Look, just because you want to keep your cat out of a certain room in your house (probably the bedroom) doesn’t mean you don’t love him. The list of rational reasons is long, it can be anything from allergies, a new baby in the house or simply just because you don’t want your cat from staying in that room.
Whatever the reason, it’s really possible to do it with the use of some tips and tricks. It might seem difficult, and the first thing to pop into your mind is probably the picture of your cat scratching the closed door and meowing, which can quickly become unbearable. Well let me share some other ways to do it, ways that don’t involve a sad, persistent cat scratching doors.
Different Approaches on Keeping Your Cat from Entering Your Room
There are many different techniques you can try, and each of them more inventive from the other. Truth is your cat will not be happy about any of them, but they are pretty humane and they will not connect you personally to the unpleasant event they will be experiencing. Whichever method you use, your cat will hate it at first but just remember persistence is key.
Use a cat training spray: There are certain cat training sprays on the market that you can use whenever your cat will approach the room. They come with a motion sensor, you place them on the floor and every time the cat passes by the device will releases a burst of air that will force your cat to retreat.
Use an ultrasonic cat repellent: Similar to the training spray these, instead of bursts of air, emit an unpleasant noise (not audible for the human ear). These may seem a bit more practical since you will not get bursts of air every time you enter the room yourself.
Spray your cat with water: It’s probably the oldest one in the book. The problem is that you have to be present in order to do this, so your cat might do the connection between you and the event. Plus, it might actually signal your cat that he needs to stay away from you, not the room.
Use a spray-on repellent on the door: These emit an unpleasant scent that repels your cat. Well, at least most of the time, since some cats simply choose to ignore them.
Place citrus peels on the doorway: It’s a successful way, it sure works, but you’ll end up having to change the dry peels very often.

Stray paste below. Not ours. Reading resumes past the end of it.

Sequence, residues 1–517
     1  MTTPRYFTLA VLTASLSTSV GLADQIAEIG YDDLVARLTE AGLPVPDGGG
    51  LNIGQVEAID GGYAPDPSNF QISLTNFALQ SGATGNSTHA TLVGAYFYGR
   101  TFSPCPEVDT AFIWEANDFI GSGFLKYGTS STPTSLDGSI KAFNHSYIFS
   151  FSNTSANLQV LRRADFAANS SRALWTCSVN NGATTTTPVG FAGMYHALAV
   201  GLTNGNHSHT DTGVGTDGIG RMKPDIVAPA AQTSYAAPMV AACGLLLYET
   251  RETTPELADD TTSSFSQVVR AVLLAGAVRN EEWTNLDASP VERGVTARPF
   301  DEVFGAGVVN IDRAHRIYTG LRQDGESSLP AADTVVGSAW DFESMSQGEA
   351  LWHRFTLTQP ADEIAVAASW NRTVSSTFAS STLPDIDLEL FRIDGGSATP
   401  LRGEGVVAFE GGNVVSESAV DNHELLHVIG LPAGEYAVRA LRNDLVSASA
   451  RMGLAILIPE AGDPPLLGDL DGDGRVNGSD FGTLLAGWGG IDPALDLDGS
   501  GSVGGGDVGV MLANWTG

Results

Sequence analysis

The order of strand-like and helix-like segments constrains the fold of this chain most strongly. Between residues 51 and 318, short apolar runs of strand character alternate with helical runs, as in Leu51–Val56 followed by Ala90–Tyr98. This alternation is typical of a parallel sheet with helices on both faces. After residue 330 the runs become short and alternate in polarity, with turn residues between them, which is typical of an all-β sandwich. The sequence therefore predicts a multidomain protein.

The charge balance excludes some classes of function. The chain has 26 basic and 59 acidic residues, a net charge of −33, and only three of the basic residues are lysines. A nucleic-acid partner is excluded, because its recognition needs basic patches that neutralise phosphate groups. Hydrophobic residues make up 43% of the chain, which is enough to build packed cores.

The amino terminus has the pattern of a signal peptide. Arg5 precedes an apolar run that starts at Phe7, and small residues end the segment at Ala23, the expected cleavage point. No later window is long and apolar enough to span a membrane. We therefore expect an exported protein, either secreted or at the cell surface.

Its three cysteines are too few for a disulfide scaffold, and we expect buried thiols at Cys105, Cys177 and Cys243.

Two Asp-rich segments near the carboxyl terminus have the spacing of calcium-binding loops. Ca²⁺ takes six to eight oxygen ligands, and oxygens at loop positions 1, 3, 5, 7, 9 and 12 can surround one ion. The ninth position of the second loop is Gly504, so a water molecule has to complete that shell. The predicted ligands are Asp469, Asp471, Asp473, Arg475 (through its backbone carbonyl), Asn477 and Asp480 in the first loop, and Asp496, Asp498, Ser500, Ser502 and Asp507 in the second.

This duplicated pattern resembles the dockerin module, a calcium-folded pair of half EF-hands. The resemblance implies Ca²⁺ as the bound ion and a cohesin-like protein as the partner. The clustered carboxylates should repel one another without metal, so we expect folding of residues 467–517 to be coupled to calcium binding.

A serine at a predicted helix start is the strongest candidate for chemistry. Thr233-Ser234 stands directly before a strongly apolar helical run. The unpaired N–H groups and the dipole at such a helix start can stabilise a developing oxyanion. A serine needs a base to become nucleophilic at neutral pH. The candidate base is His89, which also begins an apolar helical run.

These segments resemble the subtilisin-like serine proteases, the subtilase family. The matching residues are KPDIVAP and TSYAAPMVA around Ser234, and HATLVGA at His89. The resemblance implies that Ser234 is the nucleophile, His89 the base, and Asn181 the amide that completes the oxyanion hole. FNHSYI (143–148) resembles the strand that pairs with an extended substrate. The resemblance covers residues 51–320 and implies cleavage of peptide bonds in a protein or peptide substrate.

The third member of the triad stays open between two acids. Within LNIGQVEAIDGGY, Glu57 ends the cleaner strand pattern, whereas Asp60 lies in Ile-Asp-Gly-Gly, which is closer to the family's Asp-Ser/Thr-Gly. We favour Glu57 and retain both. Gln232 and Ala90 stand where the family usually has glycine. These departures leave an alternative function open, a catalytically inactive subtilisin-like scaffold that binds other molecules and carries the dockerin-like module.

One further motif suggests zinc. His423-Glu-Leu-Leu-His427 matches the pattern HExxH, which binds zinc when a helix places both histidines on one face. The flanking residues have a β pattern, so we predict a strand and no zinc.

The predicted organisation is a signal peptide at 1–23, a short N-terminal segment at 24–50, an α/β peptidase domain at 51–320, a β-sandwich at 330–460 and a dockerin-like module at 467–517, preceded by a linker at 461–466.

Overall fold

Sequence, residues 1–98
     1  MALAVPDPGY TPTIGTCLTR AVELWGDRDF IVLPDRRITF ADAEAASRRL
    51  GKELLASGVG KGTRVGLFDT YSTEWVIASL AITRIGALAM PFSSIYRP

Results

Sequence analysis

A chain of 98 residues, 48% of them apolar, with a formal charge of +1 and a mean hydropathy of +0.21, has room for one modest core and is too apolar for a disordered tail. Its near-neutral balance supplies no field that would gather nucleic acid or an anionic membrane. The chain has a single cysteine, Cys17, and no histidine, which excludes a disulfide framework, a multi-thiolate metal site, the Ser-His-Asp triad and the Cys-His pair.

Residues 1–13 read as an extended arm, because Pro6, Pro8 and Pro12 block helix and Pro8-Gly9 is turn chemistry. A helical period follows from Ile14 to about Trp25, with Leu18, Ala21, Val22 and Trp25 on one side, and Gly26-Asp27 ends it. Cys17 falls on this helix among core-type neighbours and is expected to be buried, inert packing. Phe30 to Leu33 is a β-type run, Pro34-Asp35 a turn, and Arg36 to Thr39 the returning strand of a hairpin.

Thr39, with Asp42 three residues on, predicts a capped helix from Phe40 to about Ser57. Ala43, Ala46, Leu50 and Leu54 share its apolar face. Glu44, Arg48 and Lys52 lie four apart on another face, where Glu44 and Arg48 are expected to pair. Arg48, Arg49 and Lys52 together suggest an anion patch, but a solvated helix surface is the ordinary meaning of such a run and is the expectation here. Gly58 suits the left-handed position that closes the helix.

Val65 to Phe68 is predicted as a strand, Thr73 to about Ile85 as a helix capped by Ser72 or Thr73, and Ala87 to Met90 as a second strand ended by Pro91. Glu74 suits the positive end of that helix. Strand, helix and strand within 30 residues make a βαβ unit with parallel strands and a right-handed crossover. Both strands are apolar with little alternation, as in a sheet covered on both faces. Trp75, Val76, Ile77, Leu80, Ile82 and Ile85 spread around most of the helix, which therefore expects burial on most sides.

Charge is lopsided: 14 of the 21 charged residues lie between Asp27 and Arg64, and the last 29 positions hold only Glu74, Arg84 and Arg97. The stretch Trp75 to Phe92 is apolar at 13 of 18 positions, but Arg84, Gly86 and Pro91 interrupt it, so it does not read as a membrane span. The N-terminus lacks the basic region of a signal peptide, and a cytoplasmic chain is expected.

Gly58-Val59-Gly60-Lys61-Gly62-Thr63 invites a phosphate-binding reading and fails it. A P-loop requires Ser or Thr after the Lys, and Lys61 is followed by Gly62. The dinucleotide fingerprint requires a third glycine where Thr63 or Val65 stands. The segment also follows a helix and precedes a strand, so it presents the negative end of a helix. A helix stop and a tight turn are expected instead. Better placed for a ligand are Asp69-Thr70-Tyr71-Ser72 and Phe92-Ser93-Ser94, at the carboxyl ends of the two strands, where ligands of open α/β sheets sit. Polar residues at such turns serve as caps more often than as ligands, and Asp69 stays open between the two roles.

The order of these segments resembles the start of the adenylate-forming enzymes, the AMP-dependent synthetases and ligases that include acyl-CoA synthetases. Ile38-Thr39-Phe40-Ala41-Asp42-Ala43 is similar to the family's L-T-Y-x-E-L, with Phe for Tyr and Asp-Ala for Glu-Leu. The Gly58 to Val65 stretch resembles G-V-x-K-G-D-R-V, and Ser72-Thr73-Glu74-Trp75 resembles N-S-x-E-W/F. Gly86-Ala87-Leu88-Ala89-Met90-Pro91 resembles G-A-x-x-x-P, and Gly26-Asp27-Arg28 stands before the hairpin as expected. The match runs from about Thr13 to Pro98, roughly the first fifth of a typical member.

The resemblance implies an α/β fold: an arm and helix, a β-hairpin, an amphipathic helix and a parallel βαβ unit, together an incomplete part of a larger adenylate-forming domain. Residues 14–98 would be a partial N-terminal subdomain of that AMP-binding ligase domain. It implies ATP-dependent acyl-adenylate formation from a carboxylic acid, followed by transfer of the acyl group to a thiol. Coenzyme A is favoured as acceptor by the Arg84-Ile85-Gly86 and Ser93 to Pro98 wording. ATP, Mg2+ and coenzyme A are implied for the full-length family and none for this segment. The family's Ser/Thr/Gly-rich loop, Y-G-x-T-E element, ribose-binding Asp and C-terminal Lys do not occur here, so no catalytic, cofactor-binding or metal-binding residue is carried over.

Make the room uncomfortable for the cat: You’ll have to use your imagination with this one. For instance you can try making loud unpleasant noises every time your cat enters. This one is a bit tricky since the cat will associate it with you, and you don’t want that. You can also try putting some vinegar in the room, usually cats hate the smell of vinegar and they’ll stay away from it.
A Step by Step Training Guide
Unfortunately keeping your cat out of a room is a multi step project that you will have to approach strategically. Training your cat will take some time, you will have to be persistent and constantly analyze if what you’re doing is working or you will need to skip a step or modify it. In order to successfully train your cat, you can try following the steps listed below. Of course, just because these steps worked for other cats it doesn’t mean that you have to take them for granted, every cat is different, if you feel like changing your method at some point because what you’re doing doesn’t suit you or your cat, please do change it.
Step #1: Start by being realistic and lowering your expectations: It’s a really difficult thing what you’re trying to achieve, risky too, since if done wrong it can ruin your friendship with your cat. You have to be really careful and know that whatever you’re hoping on will not happen overnight, it takes some time and persistence.
Step #2: Set up your cat repellent of choice. This can be cat training spray, a spray-on repellent on the door, anything you decided on. Try to choose something that will work regardless if you’re at home or not.
Step #3: When you are present, try to defocus your cat from entering the room. So the cat repellent works at all times, but if you want results you will want to redirect your cat’s attention whenever he tries to enter the room. Try calling him, scratch the floor or throwing a toy at him, whatever works best at grabbing his attention.
Step #4: Reward your cat when he does not enter. Once you redirect your cat’s attention successfully, and he does not enter the room – reward him immediately with a treat or by petting him.
Step #5: Make your cat’s life cozier outside of the room. Get cat houses, boxes, cat trees or whatever you think your cat will appreciate the most and will enrich his life outside of the room. If the rest of your house is fun for your cat, he will feel no need to go into the forbidden room.
Step #6: Play with your cat and keep him busy. If you want to keep your cat where you want him to be, you will need to fill his day by playing with him and petting him.
It’s not an easy thing to achieve keeping your cat out of a room that you don’t want them entering, but it sure is possible. Just keep in mind that these are methods that have worked for some people, but that doesn’t mean that each of them will work for you and your cat. So feel free to experiment or skip on something if it doesn’t work or feel right. I really hope that it becomes a good experience for both you and your cat.